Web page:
Established in 1872, Yellowstone National Park is a national treasure. Located primarily in Wyoming, the park also extends into Montana and Idaho. Yellowstone has active geothermal features with geysers and boiling mud pots throughout the park. The most famous is Old Faithful, a geyser that has erupted on the clock for decades. Travelers be warned, July is the busiest month of the year, with almost a million visitors alone. The park has a tour bus system, nine visitor centers, and 2,000 campsites.
5.0 based on 1,292 reviews
We crossed Chittenden bridge across the Yellowstone river; stopping first at Uncle Toms to view the smaller upper Falls, then on to Artist Point to view the MAGNIFICENT lower falls and the unbelievable colors of the canyon. It is IMPOSSIBLE to describe the majesty of this waterfall and canyon colors, so we will not even try,
5.0 based on 17 reviews
The trail down into the canyon consists of many switchbacks -- some rather steep. Going down is not so bad. . . just remember you have to climb back up! I hiked down to Osprey Falls after making my way down the backside of Bunsen Peak. The Falls tickle all the senses. . . the sound of water crashing down the rock face, the feel of mist on your skin, the smell of wet earth and pine, the sight of the falls themselves, and the taste. . . of my trailside lunch as I sat with the falls to myself for about an hour. :) Osprey Falls is a stunning backcountry spectacle that you will likely have to yourself should you make the effort to reach it. While not as voluminous as the Upper and Lower Falls of the Yellowstone Osprey is much more intricate. . . and can be experienced on a much more personal level. Climbing back out of the canyon can get warm on sunny afternoons. Luckily several small trees provided some shade while catching a breather on the way up. The walk back to the trailhead followed an old roadway in mostly open terrain -- about halfway back a great view of the Canyon and Gardiner River are visible to the South.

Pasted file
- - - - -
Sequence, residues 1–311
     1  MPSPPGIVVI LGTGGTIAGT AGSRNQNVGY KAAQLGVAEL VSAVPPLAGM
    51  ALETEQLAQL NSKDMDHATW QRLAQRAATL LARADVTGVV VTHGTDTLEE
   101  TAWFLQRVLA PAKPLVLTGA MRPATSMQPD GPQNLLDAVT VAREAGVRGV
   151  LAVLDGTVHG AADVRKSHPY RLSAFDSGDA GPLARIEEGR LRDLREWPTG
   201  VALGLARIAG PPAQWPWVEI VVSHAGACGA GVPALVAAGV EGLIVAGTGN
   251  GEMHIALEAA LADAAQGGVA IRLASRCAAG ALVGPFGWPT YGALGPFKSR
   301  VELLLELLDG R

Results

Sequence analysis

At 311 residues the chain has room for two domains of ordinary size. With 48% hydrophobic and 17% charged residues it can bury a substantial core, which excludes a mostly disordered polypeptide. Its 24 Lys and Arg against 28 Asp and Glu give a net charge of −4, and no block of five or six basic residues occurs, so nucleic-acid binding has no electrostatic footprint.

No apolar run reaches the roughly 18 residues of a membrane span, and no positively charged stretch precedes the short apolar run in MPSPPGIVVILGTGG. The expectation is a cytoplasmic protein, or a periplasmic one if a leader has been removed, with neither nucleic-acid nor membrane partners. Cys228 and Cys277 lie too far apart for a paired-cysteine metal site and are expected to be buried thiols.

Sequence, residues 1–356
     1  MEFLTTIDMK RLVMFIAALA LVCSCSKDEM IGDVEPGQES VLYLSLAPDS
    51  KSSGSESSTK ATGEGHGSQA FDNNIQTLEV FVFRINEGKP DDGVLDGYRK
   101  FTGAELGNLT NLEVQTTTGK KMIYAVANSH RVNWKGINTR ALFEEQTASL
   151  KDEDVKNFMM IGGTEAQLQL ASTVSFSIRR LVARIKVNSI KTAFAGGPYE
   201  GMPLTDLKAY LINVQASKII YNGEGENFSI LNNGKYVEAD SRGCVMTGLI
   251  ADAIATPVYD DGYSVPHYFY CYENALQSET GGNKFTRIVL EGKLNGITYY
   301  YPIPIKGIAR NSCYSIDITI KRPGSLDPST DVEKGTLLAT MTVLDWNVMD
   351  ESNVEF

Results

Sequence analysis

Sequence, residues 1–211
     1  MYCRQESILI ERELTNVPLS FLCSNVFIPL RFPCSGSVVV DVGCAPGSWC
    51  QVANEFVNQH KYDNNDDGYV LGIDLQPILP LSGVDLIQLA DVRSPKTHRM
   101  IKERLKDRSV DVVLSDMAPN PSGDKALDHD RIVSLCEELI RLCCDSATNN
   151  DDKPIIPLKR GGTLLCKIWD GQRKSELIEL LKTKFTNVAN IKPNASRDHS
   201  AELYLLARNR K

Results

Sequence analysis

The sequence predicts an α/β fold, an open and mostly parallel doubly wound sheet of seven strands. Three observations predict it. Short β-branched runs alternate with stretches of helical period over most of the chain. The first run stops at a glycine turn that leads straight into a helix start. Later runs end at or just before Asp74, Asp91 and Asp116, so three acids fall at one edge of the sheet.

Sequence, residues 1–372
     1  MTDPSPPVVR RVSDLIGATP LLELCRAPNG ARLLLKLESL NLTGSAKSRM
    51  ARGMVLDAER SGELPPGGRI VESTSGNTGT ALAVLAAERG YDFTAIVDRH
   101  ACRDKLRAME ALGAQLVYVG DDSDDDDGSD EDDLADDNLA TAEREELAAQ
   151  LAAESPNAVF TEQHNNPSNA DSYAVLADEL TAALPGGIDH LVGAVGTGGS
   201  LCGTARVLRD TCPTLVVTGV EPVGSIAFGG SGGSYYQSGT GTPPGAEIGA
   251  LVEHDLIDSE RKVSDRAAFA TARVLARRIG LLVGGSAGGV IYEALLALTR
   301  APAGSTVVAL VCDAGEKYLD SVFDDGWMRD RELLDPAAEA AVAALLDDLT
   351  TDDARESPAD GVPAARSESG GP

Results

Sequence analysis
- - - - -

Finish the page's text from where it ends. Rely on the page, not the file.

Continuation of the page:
5.0 based on 14 reviews
Great hike with amazing views. It is moderate to strenuous and you need to be prepared with the right hiking boots. Bring water, food, give yourself enough time to enjoy the hike and bring bear bells. We didn't see any bears this time but just down the road closer to the East Entrance we saw three grizzly bears.
5.0 based on 12 reviews
Easy three mile round trip to see this natural arch. This is a leisurely stroll through the forest and alongside a meadow. The hike begins at the Bridge Bay Marina parking area. We went early in the morning and they were very few people around. Didn't see any bear signs, but we carried bear spray and wore bear bells to be safe.
4.5 based on 39 reviews
The perfect spot to view Old Faithful from a distance.
It’s so close to the developed area yet gets you deeper into Yellowstone for such little extra effort! Call the geyser recorded line to coordinate Old Faithful’s eruption with your time up there. Solitary Geyser, down the trail, won’t make you wait more than eight minutes but you may have to try again to get a photo, there’s only one brief warning splash then sploosh it’s over! Warning, some of the reviews to follow are not of this attraction, I don’t know what they were thinking. One is Mt. Sheridan where there’s a fire lookout, though they underreport I’m the mileage, and another is at Canyon.
4.5 based on 130 reviews
Famous geyser in Yellowstone National Park.
I loved the steam phase, it was really cool! Also, it never stopped, or, at least that's what it seemed like.
4.5 based on 4 reviews
Scenic hiking trail surrounding a beautiful lake: great for hikers and anglers alike.
I spent several nights at one of Heart Lake's backcountry campsites in September 2020. On one of my days there I took a hike around the lake with several travelling companions. My "Heart Lake Loop" was a bit different as we took an off trail route for a total of about 11 miles. The trail down the West Side of the lake provides excellent views of Mount Sheridan and Heart Lake itself. Our South side trail was mostly woodland and the occasional shore view culminating with a crossing of the Heart River. The trail up the East side passes thru mostly new growth (since '88) forest and passes by large amounts of downfall. The final part of the hike across the North Shore walks along the gravelly shore of the lake. All parts of the hike were enjoyable. . . even if the West side was just a touch of a tree prison. ;)
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